In order to identify studies and articles addressing PBL in the mathematics classroom, this researcher used Thomas’ ^{ 8} criteria for authentic PBL projects:

1) The students must be learning the central concepts through the project, rather than projects for enrichment and projects that applied prior learning.

2) The project centered on an ill-defined problem or driving question.

3) The project resulted in the construction of new knowledge for the students rather than a new way of considering already-learned material.

4) The project was student-driven with the teacher acting as a facilitator.

5) The project was realistic.

As an additional criterion, articles were included if they addressed mathematics learning for students in grades K-12 or undergraduates in college.

Academic Search Complete, ERIC, Educational Full Text and Google Scholar were searched using the following terms: project-based learning, PBL, mathematics, and constructivism. Although the search resulted in hundreds of articles, only thirty-one met the above criteria for PBL in mathematics education. Most of the rejected articles concerned science learning in STEM-based projects or pre-service teacher education. Seven of the accepted articles were authored by the same researcher, Brian Bottge. Of these seven, several addressed the same projects so the most recent article concerning each unique project was kept for this review. These included articles were also the most comprehensive studies that Bottge had conducted with each project. The final total number of articles kept for this review was twenty-seven.

The articles were then analyzed for the following information: grade level of the students, description of the project, mathematics addressed in the project, duration of the study, methodology, and results. The grade level of the students was then coded as follows: early elementary (K-2), late elementary (3-5), middle school (6-8), high school (9-12), and college. Two studies included students in grades five through eight; these were coded as middle school to represent the majority of the participants. The projects were then given a one-word descriptor indicating the primary discipline outside of mathematics that the project addressed:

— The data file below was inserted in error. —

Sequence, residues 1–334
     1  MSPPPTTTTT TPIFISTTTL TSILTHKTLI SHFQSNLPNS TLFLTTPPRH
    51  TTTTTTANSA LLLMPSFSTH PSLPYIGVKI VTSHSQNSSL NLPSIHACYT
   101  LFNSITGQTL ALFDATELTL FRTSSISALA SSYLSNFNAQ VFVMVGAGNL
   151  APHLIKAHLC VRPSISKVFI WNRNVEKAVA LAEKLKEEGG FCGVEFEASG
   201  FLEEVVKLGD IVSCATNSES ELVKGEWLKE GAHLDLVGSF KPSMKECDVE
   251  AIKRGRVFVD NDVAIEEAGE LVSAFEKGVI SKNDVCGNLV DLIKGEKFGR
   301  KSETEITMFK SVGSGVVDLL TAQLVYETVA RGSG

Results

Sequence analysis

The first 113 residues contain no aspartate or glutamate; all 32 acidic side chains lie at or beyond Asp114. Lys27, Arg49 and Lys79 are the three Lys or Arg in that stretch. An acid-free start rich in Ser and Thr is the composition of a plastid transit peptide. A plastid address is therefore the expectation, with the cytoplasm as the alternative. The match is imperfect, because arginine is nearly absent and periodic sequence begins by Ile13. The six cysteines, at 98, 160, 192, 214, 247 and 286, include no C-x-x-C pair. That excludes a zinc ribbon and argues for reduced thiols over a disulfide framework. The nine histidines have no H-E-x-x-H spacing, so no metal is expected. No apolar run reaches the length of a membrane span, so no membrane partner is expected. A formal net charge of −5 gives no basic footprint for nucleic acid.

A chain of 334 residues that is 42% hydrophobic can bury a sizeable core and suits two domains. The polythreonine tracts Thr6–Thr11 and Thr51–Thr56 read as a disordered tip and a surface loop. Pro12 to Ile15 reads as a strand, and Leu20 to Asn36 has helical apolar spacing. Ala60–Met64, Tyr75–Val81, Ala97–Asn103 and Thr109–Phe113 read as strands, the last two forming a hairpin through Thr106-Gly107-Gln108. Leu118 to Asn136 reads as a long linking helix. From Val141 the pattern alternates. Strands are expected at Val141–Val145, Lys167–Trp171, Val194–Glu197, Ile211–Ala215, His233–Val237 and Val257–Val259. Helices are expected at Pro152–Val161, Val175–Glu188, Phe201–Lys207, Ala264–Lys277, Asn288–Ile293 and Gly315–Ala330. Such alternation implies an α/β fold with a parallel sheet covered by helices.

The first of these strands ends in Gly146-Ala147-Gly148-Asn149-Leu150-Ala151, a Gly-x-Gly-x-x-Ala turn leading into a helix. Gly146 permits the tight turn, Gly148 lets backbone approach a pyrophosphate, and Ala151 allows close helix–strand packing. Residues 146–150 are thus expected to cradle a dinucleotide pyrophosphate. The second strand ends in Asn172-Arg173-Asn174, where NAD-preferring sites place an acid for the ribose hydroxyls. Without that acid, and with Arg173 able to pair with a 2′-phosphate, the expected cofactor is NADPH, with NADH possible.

• Engineering – Students built or designed a physical object.

• Technology – Students designed or developed computer software, such as a video game.

• Finance – Students worked with a budget.

• Agriculture – Students addressed agricultural issues.

• Science – Students worked in one of the core science disciplines, such as physics or biology.

Four articles described projects that addressed more than one of the above areas and were coded accordingly. Four articles did not describe a particular project but provided enough descriptions to suggest that the selection criteria were met and were thus coded as “unknown” if only one project was included in the article or as “various” if multiple courses/subjects were engaged in PBL.

Examples of PBL was found in all grade bands, from early elementary to undergraduate classes, and addressed a multitude of topics in mathematics. The majority of the articles concerned high school students, with the next most prevalent representation being middle school students. Most of the articles described at least one project, three described schools with full PBL curriculums, and one described the project’s objectives rather than the project itself. Table 1 describes the number of projects for each grade level.

Two of the full PBL curriculum schools were high schools and one was a middle school. These were not included in the above counts.

The most popular discipline outside of mathematics addressed in these projects was engineering. A little more than half of the projects addressed engineering standards, as they had students building, designing, or analyzing a physical object. Engineering was also represented across all grade levels, although the majority of these projects were done by middle school students or older. Science and finance were equally the second most popular, with each being represented in seven projects. Science projects were primarily completed by high school and college students. Students in elementary or middle school were the only students who worked with projects involving finances. Table 2 shows the distribution of disciplines across grade levels.